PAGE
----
In rural areas, local governments are preparing to protect vulnerable populations as COVID-19 cases surge. The residential committee in Licai village, Sanya, has distributed 30 face masks per person to 87 vulnerable people, including low-income households and children with medical problems.

Local governments and medical institutions are also taking measures to ensure the supply of medication.

Li Shihua, director of Sandao Town Medical Center in Baoting Li and Miao autonomous county, said: "We have enough antipyretic, analgesic and antiviral drugs in stock for seven to 10 days. The Baoting government is stepping up drug procurement through various channels to ensure that medicines are constantly replenished."

Fu Yongfeng, director of Wenchang Huiwen Town Core Medical Center, said the facility prepared medicines three times based on the quantity of flu medication used from April to June.

Lin Shengwei, a doctor at the center responsible for fever diagnosis and treatment, said, "Medication urgently needed at fever clinics is not only in stock, but is also arriving promptly, allowing us to cope with the current situation."

In many towns and villages across Hainan, including Haikou, Sanya, Wenchang and Ding'an, residents with mobility issues can request vaccination at home.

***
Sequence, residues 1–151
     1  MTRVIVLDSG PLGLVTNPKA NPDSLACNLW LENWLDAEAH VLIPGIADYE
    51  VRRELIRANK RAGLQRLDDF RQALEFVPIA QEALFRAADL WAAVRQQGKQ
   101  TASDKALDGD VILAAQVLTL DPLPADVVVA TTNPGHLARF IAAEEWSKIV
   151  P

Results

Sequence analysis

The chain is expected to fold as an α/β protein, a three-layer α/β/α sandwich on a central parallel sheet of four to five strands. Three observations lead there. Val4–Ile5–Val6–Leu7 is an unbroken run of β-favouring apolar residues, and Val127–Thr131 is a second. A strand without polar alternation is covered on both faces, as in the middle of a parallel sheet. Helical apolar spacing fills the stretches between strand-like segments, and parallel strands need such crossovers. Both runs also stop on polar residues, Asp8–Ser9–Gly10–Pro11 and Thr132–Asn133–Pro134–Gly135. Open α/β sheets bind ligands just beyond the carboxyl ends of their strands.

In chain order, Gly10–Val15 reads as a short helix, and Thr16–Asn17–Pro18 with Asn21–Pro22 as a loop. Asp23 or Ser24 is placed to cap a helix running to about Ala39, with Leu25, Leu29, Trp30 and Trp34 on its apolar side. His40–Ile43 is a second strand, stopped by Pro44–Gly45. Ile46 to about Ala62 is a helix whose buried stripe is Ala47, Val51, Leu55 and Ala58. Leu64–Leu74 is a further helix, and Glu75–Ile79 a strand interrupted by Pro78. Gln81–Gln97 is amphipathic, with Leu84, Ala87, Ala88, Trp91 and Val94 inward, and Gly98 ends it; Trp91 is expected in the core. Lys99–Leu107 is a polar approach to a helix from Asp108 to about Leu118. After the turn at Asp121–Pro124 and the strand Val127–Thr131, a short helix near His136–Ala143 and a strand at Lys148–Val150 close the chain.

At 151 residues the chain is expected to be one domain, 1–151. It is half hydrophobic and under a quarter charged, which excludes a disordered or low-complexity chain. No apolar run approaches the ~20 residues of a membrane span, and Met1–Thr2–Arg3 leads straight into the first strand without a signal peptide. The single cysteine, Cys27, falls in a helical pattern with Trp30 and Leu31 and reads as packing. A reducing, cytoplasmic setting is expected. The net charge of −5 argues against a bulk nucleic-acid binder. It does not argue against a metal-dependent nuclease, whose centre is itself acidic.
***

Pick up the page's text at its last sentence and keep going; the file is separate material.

An in-home vaccination team comprises at least three people — a village cadre or community worker, a doctor and a nurse. They have the ability to deal with adverse reactions on the spot.

Zhan Chunlian, a doctor at the core medical center in Huiwen town, Wenchang, said that after several campaigns to raise awareness of vaccination against COVID-19, only a small number of seniors in the area have still to be vaccinated.

For the elderly with diseases and concerns about vaccination, medical staff members in Huiwen use professional knowledge to help them understand vaccine safety, and also comfort patients by talking to them to help them relax, Zhan added.

Seniors with diseases who cannot clearly describe their symptoms usually bring their medical record and medication to doctors, who refer to the guidelines for vaccinating those who are 60 or older in Hainan. The guidelines explain whether those with certain diseases can be vaccinated. If there is no such explanation, doctors report the patient's medical record to the group of experts in Wenchang, and request a vaccination evaluation.

"Many seniors who were worried about being vaccinated felt fine afterward, and they thanked the doctors and asked when they could have their next shot," Zhan said.

Certain towns and villages in Hainan are short of medical workers due to a recent rise in demand for nucleic acid tests and medical diagnoses and treatment.

Some health workers have been infected, but they return to work as soon as they recover.

Lin said: "Medical staff members in China are really hardworking and responsible. The COVID-19 response is our battlefield and we'll fight on the front line."

Zhang Xiaomin and Zhou Huiying contributed to this story.